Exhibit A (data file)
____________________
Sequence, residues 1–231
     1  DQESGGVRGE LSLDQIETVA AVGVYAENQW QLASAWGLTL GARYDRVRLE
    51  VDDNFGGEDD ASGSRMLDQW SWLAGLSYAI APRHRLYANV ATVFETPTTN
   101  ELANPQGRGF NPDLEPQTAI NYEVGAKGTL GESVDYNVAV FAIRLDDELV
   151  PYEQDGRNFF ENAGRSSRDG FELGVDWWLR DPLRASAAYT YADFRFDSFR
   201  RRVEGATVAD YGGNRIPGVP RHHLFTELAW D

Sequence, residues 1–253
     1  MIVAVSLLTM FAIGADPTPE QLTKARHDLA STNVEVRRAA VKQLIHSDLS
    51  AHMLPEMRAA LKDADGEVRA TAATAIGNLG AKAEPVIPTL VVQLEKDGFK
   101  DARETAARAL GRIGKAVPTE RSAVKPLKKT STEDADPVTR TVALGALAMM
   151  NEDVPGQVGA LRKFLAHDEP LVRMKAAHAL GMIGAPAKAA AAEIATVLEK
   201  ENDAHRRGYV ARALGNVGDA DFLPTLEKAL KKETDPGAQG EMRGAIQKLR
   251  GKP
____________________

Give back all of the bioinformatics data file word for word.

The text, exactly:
Sequence, residues 1–231
     1  DQESGGVRGE LSLDQIETVA AVGVYAENQW QLASAWGLTL GARYDRVRLE
    51  VDDNFGGEDD ASGSRMLDQW SWLAGLSYAI APRHRLYANV ATVFETPTTN
   101  ELANPQGRGF NPDLEPQTAI NYEVGAKGTL GESVDYNVAV FAIRLDDELV
   151  PYEQDGRNFF ENAGRSSRDG FELGVDWWLR DPLRASAAYT YADFRFDSFR
   201  RRVEGATVAD YGGNRIPGVP RHHLFTELAW D

Sequence, residues 1–253
     1  MIVAVSLLTM FAIGADPTPE QLTKARHDLA STNVEVRRAA VKQLIHSDLS
    51  AHMLPEMRAA LKDADGEVRA TAATAIGNLG AKAEPVIPTL VVQLEKDGFK
   101  DARETAARAL GRIGKAVPTE RSAVKPLKKT STEDADPVTR TVALGALAMM
   151  NEDVPGQVGA LRKFLAHDEP LVRMKAAHAL GMIGAPAKAA AAEIATVLEK
   201  ENDAHRRGYV ARALGNVGDA DFLPTLEKAL KKETDPGAQG EMRGAIQKLR
   251  GKP